To Love Another Person Is To See The Face of God
If you’re going to see one musical this year, this is it.
Intensely powerful and aesthetically astounding from Prologue to Finale, Les Misérables is easily the best Broadway production in Jacksonville in 2019. This classic tale is so masterfully performed that you’ll be moved to tears time and again.
Boubil & Schonberg’s Les Misérables opened Tuesday, January 22nd and runs through January 27, 2019 at the Times-Union Center for the Performing Arts. Based Victor Hugo’s 1862 novel, Les Misérables has been delighting audiences since its 1985 London debut and has experienced a revival in the past decade. A new generation of theatergoers will be delighted by Claude-Michel Schonberg’s powerful music and lyrics by Herbert Kretzmer. The production is directed by Lawrence Conner and James Powell with Original French text by Alain Boubil and Jean-Marc Natel.
What can a musical seen by millions of theatergoers over 34 years possibly have to offer?
So, so much.
Whether you’ve read the book, seen the movies, and watched the Broadway version a dozen times or this is your first experience, you won’t be disappointed. The talent on stage is fabulous. Prepare to become emotionally invested as the music overwhelms your soul, drawing you to tears and physically manifesting as chills or a lump in your throat. You won’t be alone. There wasn’t a dry eye in the house.
Set in 19th century France, Les Misérables is a timeless tale of love, loss, courage, redemption, revolution, and the undying strength of the human spirit. Jean Valjean (Nick Cartell) is sentenced to years of hard labor for stealing bread to feed his sister’s starving child. The musical begins when he’s released after 19 years of imprisonment by police officer Javert (Josh Davis). Instead of finding the freedom he dreams of he finds hatred and suspicion. Unable to obtain work or a place to stay, he’s tempted to a life of crime until he meet his savior, a clergyman who believes in him and saves him from re-imprisonment.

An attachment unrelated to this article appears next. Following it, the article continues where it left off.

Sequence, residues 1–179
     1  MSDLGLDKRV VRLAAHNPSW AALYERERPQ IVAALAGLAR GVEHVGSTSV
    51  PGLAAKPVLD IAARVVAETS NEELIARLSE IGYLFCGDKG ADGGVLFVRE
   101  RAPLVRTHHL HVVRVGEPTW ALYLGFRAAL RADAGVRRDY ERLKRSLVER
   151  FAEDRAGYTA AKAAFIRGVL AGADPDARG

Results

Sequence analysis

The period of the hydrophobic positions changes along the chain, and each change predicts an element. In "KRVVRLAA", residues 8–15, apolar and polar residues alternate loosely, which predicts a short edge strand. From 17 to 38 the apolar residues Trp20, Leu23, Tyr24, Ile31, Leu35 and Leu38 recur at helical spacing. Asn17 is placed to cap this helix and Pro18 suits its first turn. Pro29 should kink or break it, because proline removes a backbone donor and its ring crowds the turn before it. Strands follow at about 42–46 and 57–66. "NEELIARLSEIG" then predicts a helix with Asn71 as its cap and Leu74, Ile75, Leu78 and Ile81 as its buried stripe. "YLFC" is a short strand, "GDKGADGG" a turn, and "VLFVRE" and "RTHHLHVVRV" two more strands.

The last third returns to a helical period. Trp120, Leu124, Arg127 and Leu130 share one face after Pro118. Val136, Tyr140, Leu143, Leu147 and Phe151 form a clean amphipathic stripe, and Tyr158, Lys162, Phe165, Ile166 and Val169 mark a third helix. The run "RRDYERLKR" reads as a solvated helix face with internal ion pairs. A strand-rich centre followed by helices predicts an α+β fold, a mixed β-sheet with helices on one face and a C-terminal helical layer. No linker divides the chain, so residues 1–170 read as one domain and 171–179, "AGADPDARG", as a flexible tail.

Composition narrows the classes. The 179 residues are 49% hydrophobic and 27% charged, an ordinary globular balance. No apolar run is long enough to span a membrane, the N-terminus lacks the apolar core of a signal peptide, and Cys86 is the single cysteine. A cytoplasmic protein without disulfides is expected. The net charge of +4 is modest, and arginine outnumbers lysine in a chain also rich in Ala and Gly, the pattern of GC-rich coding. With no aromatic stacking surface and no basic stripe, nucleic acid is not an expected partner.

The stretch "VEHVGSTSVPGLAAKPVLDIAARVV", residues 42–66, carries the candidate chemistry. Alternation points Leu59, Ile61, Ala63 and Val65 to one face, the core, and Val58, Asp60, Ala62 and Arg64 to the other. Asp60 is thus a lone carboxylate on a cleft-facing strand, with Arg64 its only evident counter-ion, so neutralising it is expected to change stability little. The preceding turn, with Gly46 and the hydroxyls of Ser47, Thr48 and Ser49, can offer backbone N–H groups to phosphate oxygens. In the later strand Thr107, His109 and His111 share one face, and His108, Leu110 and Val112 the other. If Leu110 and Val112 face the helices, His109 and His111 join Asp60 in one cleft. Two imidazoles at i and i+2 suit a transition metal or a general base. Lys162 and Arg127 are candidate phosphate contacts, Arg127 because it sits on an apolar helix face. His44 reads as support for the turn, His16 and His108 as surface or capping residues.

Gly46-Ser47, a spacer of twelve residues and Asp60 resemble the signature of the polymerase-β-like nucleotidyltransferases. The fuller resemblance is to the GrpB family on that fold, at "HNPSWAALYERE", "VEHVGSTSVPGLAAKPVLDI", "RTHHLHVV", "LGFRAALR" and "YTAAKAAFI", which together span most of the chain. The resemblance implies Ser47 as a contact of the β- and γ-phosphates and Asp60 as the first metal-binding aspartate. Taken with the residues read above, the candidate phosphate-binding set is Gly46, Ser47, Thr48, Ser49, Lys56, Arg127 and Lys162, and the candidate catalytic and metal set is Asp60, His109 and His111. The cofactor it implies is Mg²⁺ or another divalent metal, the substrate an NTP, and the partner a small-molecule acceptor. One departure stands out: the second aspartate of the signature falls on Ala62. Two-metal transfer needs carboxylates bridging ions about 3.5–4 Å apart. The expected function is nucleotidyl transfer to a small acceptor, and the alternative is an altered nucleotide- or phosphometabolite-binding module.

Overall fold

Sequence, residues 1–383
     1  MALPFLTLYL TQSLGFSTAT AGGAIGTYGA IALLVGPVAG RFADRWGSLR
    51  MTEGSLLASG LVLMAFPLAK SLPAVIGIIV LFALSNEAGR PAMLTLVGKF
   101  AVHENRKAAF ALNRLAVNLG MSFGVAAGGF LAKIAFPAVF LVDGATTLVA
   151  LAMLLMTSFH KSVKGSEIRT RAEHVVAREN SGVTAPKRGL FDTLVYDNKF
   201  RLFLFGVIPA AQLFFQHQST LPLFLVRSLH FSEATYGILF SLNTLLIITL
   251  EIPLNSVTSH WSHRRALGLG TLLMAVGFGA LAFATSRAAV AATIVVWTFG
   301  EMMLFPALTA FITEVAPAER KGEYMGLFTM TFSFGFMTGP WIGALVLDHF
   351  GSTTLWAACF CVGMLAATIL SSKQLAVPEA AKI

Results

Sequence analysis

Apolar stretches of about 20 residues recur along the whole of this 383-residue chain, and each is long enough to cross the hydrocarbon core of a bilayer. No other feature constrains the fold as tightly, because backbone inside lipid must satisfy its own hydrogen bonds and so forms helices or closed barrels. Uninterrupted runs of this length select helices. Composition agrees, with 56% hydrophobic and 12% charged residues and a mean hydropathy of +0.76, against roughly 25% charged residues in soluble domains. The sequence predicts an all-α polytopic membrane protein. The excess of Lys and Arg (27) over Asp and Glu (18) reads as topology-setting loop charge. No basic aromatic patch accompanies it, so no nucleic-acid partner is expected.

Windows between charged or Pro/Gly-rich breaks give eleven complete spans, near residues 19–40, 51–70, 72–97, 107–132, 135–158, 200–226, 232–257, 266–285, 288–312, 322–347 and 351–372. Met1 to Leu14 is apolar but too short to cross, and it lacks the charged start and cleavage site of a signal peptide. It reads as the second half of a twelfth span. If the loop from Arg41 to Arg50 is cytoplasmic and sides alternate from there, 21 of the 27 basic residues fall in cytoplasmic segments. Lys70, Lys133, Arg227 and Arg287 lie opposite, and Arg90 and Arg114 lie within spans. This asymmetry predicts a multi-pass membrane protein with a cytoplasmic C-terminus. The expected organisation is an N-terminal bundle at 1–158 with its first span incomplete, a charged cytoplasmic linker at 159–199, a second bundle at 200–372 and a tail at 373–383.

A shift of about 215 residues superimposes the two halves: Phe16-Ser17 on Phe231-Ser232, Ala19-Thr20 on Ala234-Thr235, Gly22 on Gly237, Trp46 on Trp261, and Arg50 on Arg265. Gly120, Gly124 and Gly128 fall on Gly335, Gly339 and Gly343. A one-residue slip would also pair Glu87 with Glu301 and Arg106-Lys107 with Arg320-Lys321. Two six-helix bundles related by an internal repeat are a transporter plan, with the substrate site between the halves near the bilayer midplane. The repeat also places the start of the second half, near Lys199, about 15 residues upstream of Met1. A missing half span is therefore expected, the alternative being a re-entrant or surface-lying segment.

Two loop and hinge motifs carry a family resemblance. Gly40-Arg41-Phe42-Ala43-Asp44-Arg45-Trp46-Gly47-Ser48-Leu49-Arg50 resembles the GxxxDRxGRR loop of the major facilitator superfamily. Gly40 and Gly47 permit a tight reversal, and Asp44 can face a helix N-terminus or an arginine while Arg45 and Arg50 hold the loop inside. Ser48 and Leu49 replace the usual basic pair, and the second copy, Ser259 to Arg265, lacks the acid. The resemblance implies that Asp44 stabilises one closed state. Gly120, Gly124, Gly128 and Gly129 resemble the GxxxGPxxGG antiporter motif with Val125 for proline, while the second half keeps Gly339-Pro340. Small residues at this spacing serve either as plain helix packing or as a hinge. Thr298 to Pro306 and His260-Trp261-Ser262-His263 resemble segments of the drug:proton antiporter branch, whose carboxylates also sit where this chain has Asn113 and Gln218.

Valjean reinvents himself as a successful businessman and mayor. A poor young woman named Fantine (Mary Kate Moore) works in his factory, secretly sending money to the innkeeper caring for her illegitimate daughter. When this is revealed, chaos ensues and Fantine is dismissed. In order to pay her daughter’s expenses, she desperately sells her meager belongings, her hair, and her teeth. With nowhere else to turn and debts to pay, she becomes a prostitute.
One night, she refuses to work and a foul-tempered client abuses her. She strikes him and police officer Javert intervenes. Valjean rescues Fantine from a prison sentence and carries her to the hospital, where she begs him to care for her daughter following her impending death. Valjean is a man of his word. He rescues the girl, Cosette (Madeleine Guilbot/ Vivi Howard/ Jillian Butler), from the scheming innkeepers (Monte J. Howell and Olivia Dei Cicchi) and raises her as his own daughter while striving to stay one step ahead of the relentless Javert, who would like nothing better than to imprison Valjean once again for breaking his parole so many years before.
What follows is the impassioned intertwining of deeply complicated characters and timeless human struggles. Love, death, danger, deceit, perseverance, and deepset loyalty develop onstage against the backdrop of the deadly June Rebellion of 1832. You must see it for yourself to know how the story transpires, for to describe it cannot do it justice. My best attempt to translate the electric atmosphere into words is to reference one of its most iconic songs, “Do You Hear the People Sing?”
Do you hear the people sing? Singing a song of angry men? It is the music of a people who will not be slaves again! When the beating of your heart echoes the beating of the drums, there is a life about to start when tomorrow comes!”